By Claude R. Marx
Credit unions and other mortgage lenders would be required to highlight portions of a mortgage agreement that could be costly for consumers–such as adjustable rates and prepayment penalties–under regulations proposed by the Federal Reserve.
The proposed regulations, which are subject to public comments due at the end of November, would require the annual percentage rate to include most fees and settlement costs and mandate that lenders show how the consumer’s APR compares with the rate offered to borrowers with excellent credit. On adjustable-rate mortgages, lenders would be required to tell consumers how much their monthly payments might increase.
Lenders would be required to issue a one-page document, in question-and-answer format, outlining the risks.
“Consumers need the proper tools to determine whether a particular mortgage loan is appropriate for their circumstances,” said Federal Reserve Chairman Ben Bernanke. “It is often said that a home is a family’s most important asset, and it is the Federal Reserve’s responsibility to see that borrowers receive the information they need to protect that asset.”
Officials at CUNA and NAFCU said they are reviewing the proposals and would submit comment letters to the Fed. On similar issues in the past, the trades have focused on striking a balance between protecting consumers and not adding an undue regulatory burden to credit unions.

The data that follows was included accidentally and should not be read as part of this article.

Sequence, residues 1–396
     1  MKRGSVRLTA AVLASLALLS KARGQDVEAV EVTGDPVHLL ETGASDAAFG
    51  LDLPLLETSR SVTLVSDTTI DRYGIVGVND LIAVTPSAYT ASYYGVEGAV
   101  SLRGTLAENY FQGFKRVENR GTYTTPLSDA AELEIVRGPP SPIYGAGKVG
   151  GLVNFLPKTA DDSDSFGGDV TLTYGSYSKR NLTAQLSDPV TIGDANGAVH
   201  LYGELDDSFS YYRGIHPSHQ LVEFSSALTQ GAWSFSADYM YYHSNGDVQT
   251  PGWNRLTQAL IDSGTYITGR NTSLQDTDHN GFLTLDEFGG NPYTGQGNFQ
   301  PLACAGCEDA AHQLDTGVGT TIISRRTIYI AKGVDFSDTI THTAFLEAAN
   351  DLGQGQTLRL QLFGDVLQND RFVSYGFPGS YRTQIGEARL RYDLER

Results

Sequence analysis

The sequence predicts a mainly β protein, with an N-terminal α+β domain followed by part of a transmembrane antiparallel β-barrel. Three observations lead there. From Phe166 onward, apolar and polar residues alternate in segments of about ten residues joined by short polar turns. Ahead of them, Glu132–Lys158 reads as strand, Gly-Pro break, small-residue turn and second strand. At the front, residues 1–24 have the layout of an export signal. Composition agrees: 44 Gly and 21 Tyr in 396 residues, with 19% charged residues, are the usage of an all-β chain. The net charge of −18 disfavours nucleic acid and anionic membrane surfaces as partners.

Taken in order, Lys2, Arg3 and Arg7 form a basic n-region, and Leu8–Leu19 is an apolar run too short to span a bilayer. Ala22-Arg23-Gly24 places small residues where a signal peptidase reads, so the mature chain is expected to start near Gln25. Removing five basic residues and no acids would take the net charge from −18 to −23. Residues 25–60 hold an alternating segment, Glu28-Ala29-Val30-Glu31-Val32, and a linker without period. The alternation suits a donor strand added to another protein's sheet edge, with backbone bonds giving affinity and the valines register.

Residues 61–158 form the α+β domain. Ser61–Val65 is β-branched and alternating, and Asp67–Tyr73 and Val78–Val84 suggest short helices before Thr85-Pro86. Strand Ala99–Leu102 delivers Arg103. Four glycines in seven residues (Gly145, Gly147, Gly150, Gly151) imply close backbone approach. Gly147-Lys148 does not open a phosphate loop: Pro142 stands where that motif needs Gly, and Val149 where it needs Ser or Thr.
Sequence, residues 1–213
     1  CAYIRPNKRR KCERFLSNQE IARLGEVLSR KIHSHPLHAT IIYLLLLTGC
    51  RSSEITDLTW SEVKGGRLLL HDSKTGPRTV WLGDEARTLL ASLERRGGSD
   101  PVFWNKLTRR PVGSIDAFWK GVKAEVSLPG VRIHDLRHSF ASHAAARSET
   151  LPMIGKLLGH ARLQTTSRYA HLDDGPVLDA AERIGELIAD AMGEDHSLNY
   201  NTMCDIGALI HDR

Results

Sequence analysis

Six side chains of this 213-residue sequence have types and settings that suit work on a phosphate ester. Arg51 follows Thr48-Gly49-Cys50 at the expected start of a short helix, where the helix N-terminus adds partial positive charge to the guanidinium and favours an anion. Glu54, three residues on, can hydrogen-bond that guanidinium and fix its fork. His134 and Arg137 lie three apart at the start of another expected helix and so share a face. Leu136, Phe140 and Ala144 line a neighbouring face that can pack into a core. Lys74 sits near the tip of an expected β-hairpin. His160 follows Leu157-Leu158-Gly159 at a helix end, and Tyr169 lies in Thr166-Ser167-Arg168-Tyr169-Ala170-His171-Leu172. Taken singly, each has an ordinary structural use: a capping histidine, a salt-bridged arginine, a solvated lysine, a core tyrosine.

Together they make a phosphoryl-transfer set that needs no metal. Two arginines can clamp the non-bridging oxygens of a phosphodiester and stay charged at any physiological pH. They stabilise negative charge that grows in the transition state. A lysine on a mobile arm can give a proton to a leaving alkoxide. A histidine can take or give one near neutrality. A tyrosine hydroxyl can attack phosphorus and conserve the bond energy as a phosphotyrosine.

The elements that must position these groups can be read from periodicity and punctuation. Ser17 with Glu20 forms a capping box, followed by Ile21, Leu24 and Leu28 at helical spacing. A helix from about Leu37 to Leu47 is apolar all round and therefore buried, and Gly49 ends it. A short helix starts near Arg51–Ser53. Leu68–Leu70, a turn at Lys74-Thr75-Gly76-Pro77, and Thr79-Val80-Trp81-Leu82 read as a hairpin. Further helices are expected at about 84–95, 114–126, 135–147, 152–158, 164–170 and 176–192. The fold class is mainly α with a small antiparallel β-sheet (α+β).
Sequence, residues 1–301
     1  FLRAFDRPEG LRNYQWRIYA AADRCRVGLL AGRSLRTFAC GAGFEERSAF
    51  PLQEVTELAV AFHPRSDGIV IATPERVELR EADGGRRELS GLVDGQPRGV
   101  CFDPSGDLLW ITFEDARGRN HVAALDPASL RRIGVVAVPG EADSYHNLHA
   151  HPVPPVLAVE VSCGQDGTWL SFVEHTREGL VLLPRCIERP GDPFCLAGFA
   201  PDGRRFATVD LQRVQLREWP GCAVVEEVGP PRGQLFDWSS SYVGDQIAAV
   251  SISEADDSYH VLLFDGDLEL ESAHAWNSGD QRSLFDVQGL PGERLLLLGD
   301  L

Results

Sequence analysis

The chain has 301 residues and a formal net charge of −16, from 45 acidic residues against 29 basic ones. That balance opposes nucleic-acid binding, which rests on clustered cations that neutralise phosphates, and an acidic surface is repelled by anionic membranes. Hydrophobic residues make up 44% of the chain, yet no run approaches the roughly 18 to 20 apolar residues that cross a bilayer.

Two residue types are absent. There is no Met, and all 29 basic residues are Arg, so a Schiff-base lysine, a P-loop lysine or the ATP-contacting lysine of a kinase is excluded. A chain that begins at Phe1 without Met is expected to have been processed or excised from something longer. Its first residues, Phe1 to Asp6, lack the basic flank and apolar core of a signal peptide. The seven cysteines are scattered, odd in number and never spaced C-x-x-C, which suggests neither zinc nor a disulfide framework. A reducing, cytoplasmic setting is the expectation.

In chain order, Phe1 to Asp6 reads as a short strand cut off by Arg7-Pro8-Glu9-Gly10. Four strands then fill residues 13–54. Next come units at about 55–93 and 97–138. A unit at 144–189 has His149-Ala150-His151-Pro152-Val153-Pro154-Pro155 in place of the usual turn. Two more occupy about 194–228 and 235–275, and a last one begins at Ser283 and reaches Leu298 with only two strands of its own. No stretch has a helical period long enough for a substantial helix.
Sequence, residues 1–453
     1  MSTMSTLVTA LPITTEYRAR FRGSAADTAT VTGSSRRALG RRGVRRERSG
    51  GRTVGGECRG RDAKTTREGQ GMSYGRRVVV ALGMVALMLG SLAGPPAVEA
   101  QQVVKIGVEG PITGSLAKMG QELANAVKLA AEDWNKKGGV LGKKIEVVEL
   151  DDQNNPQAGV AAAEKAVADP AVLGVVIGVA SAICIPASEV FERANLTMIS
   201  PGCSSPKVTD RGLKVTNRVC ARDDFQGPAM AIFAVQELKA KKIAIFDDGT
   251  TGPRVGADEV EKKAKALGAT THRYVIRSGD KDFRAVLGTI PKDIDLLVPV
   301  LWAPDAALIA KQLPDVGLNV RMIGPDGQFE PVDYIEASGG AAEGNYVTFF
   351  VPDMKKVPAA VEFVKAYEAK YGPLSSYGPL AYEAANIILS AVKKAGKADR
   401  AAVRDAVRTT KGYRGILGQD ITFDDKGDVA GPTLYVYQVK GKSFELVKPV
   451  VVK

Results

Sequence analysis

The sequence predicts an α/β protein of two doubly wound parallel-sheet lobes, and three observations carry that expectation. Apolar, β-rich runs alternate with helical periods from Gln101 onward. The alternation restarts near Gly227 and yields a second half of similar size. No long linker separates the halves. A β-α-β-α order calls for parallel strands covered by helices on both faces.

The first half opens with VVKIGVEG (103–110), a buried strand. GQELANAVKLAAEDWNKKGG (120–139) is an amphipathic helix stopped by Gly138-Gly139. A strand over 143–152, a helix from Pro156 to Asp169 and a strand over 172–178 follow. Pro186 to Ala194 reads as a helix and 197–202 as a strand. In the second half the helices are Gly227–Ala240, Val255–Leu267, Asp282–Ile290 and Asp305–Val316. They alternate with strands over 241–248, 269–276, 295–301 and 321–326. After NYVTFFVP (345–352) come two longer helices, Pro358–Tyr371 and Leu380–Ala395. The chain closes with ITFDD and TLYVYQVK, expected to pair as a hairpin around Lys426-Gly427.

The Fed also proposed decreasing incentives for putting borrowers in more expensive loans. It would ban payments to a mortgage broker or a loan officer based on the loan’s interest rate or other terms. Also, brokers or loan officers would be banned from steering a consumer to loans not in their interest to increase the broker’s or officer’s compensation.
The proposal also revamps disclosure rules on home equity lines of credit.
Lenders will have to give borrowers a one-page information sheet issued by the Fed, and within 72 hours of receiving the application, the lender would have to provide an estimate of the costs that reflects “the specific terms of their credit plans.”